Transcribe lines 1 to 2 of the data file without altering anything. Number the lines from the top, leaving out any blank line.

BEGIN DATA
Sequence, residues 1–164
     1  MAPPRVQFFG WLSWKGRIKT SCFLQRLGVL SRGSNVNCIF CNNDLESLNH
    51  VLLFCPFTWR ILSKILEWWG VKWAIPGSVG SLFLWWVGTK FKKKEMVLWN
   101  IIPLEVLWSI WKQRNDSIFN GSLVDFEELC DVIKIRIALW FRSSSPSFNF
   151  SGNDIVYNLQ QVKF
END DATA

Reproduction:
Sequence, residues 1–164
     1  MAPPRVQFFG WLSWKGRIKT SCFLQRLGVL SRGSNVNCIF CNNDLESLNH